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I am reading "The Feynman lectures on physics volume 1".

Feynman says

"The total work done in going around a complete cycle should be zero for gravity forces"

When gravity forces are given, I think we cannot move an object around an arbitrary complete cycle.

I cannot understand what Feynman is saying.

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  • $\begingroup$ Why can't you? You can apply external force to do that. $\endgroup$
    – user243267
    Dec 21, 2019 at 13:04
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    $\begingroup$ What about Earth moving around the Sun? $\endgroup$
    – my2cts
    Dec 21, 2019 at 13:31
  • $\begingroup$ By the way Feynman's statement should be true only for static fields. For time dependent gravitomagnetic fields there should be an anologon of induction. $\endgroup$
    – my2cts
    Dec 21, 2019 at 13:31
  • $\begingroup$ What he is saying is simply that for conservative forces the work around a loop is zero. Because such forces can be written as the gradient of a potential and $dW$ is an exact differential (assuming space is simply connected). The converse is even more true: if the work around any loop is zero the force field is conservative. $\endgroup$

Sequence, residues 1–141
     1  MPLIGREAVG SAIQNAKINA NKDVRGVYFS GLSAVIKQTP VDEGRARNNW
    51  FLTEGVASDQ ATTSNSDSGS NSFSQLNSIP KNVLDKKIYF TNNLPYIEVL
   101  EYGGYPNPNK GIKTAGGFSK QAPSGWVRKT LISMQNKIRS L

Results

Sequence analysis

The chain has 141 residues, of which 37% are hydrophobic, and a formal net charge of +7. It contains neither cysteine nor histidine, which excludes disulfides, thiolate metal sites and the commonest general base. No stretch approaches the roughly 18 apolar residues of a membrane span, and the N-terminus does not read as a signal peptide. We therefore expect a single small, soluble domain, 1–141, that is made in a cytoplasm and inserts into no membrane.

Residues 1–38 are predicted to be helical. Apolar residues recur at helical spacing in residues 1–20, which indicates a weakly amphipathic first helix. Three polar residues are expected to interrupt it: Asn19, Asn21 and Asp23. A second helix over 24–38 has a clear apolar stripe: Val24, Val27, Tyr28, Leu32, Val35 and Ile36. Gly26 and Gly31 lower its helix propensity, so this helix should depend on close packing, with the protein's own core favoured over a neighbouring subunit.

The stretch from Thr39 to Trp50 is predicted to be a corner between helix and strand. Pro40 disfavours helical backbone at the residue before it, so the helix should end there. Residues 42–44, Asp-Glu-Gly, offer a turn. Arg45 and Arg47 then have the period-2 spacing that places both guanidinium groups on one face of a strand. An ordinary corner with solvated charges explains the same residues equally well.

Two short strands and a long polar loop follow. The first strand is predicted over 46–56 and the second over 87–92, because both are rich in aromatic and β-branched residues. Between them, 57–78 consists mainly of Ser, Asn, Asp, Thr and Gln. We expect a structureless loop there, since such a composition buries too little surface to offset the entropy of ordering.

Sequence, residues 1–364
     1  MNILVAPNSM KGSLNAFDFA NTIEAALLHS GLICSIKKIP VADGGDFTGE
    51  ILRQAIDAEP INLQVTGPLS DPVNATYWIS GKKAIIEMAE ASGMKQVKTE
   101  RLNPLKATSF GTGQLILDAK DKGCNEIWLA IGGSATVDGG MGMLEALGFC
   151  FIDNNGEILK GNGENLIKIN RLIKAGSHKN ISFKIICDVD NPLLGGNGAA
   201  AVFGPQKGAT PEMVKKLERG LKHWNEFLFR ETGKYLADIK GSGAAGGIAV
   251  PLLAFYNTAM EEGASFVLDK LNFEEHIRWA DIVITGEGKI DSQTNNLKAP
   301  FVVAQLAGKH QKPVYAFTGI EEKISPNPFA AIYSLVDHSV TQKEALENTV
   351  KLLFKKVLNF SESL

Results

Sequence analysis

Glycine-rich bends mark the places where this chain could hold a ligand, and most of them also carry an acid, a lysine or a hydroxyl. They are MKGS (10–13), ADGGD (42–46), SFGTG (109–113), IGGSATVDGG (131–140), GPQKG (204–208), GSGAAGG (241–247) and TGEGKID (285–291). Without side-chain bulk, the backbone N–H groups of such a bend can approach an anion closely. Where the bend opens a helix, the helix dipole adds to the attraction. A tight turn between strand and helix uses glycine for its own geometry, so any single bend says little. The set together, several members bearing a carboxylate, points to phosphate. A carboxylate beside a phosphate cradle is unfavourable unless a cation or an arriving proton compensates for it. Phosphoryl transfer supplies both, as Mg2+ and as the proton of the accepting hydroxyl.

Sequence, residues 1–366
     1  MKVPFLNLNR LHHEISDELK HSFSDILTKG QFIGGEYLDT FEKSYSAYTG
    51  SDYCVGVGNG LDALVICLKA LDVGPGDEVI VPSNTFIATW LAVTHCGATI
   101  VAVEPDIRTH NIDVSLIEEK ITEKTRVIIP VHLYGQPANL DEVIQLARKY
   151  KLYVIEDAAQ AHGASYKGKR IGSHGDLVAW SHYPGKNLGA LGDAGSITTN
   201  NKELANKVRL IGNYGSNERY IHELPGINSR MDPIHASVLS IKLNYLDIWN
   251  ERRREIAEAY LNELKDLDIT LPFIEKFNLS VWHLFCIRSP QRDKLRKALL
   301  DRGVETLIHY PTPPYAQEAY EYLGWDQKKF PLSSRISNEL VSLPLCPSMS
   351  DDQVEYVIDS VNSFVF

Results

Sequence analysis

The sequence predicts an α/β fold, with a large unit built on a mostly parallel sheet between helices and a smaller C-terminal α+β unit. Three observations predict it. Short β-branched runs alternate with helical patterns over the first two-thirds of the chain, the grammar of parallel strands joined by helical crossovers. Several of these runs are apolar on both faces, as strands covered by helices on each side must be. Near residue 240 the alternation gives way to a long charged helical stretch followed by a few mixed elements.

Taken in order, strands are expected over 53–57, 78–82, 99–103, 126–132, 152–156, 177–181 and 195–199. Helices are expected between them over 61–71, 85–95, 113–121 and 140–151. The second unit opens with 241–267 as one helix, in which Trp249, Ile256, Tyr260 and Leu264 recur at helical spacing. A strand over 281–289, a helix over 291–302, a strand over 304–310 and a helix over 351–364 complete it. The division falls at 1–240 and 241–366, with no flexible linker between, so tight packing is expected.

– lcv
    Dec 21, 2019 at 13:48

2 Answers 2

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When gravity forces are given, I think we cannot move an object around an arbitrary complete cycle.

What about round-trips, roll-coaster, merry-go-round, planet orbits?

Yes, there may be some external forces to oppose frictions and air resistance, but in the Feynman's statement only gravity forces are taken into account for computing total work.

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Well, we may consider, for instance, orbits when only 2 objects are considered and interact with gravity. If you consider a closed loop, the final point is equal to the initial point and since it's a cycle, the kinetic energy will also be the same. Hence, there is no variation of the gravitational potential, no variation of the kinetic energy and, from the conservation law, the work done by the gravitational forces will be zero.

If you consider a different case where other forces are also present and you may have periodic movement that is not a purely gravitational orbit, the reasoning will be similar. It's a consequence of gravity being a conservative force, or more generally, since we have gravitational potential energy, that determines the gravitational force, we can apply Stokes's Theorem.

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